Intimate Landscapes, Winner: Spencer Cox

When I first saw this scene, the warm, earthy tones of the riverbed reminded me of 19th century landscape paintings. Even the ferocious rapids of the Yellowstone River looked like gentle brush strokes when viewed from afar.

I knew I could play with scale and perspective when composing this photo, as the trees seemed to stand out against a cloudy sky rather than a swirling river. It can be a difficult photograph to analyze without a second look.

This photo breaks many of the so-called “rules” of landscape photography. It uses the midday sun rather than the Golden Hour light. The main subjects – the spindly trees along the riverbank – are at the bottom of the frame near the corner. And, to take the shot, I pointed straight down from the edge of a canyon, not forward on a typical stage.

These unusual factors, however, are what give the photo its personality. I’ve always loved seeking out offbeat, intimate views of nature like this wherever I go. This can be the best way to tell the story of a landscape.

Summary or Details, Winner: Mieke Boynton

Captured from above during a chartered light aircraft over the waters of Gutharraguda/Shark Bay in Western Australia, this abstract aerial photograph can be interpreted as the face and hand of a beautiful ‘Ocean Deity’ . Her peaceful face expresses serenity and calm, and she has the dignity and grace of a Geisha.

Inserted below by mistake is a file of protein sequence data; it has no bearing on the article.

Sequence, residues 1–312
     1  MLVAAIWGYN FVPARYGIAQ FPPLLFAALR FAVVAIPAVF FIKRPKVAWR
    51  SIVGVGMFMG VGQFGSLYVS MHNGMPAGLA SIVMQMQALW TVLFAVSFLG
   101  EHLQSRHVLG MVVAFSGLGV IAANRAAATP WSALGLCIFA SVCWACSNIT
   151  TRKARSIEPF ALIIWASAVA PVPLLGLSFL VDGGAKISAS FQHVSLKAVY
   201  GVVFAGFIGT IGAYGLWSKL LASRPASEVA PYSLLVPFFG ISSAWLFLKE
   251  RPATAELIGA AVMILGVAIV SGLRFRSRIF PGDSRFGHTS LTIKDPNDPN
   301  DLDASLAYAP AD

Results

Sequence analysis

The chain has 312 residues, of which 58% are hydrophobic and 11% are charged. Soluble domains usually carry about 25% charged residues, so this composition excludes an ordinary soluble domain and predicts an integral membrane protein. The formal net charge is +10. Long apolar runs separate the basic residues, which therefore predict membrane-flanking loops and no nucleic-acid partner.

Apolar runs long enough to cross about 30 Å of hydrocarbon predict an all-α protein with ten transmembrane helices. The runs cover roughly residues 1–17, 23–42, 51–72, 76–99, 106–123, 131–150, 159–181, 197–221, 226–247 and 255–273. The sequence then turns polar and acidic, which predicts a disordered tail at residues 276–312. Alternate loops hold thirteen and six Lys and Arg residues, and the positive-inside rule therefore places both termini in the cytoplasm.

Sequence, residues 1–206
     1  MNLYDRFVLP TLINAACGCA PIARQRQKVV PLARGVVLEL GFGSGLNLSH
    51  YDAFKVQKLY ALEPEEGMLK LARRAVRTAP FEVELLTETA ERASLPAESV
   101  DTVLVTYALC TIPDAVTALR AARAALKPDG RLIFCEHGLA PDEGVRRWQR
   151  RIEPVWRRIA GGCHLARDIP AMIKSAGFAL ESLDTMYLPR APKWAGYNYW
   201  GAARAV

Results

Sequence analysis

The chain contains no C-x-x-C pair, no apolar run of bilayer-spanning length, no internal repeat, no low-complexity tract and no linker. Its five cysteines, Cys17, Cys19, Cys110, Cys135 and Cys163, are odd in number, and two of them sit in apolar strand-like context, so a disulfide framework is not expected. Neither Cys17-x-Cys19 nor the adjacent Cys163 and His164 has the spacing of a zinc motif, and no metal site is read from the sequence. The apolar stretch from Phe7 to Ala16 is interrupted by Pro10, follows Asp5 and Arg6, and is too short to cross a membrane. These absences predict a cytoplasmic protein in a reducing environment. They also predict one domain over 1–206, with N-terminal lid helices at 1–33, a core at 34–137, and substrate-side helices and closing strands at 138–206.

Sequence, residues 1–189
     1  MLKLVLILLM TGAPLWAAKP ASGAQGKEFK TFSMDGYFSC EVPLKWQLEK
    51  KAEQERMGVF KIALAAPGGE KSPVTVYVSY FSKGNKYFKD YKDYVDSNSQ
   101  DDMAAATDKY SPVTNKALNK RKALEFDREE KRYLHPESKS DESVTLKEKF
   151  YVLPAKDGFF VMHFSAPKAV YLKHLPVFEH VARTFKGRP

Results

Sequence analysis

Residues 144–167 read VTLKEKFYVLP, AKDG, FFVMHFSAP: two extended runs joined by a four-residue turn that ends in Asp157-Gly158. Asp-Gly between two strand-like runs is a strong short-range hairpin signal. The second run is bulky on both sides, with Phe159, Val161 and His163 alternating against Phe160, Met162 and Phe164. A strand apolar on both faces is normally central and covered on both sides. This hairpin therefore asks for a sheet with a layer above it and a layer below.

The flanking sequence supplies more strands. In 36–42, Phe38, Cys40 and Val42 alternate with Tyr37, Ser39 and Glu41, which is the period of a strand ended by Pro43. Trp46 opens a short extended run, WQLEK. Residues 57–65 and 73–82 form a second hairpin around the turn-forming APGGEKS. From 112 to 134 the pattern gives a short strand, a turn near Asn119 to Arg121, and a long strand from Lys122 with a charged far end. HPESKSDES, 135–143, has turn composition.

Rivers, lakes and waterfalls, winner: Tom Shapira

Trees, Forests and Woods, Winner: Stuart McGlennon

Please see the full contest gallery on the NLPA website to see all of the finalists in each category. Orders for the 2022 book will open soon, so keep an eye out and, in the meantime, pick up a copy of the 2021 book which, hyperbole aside, is one of the finest collections of landscape photography ever published. The Natural Landscape Photography Awards are more than just a competition. For its creators, it is a real passion project aimed at presenting the state of the art of landscape photography. This can be seen in their dedication to transparency and authenticity in the administration of the contest. The awards and photo book give the community something to look forward to and gather each year, and the results are always guaranteed as an exhibition of the best landscape photographers of the day.

All images used with permission, courtesy of Natural Landscape Photography Awards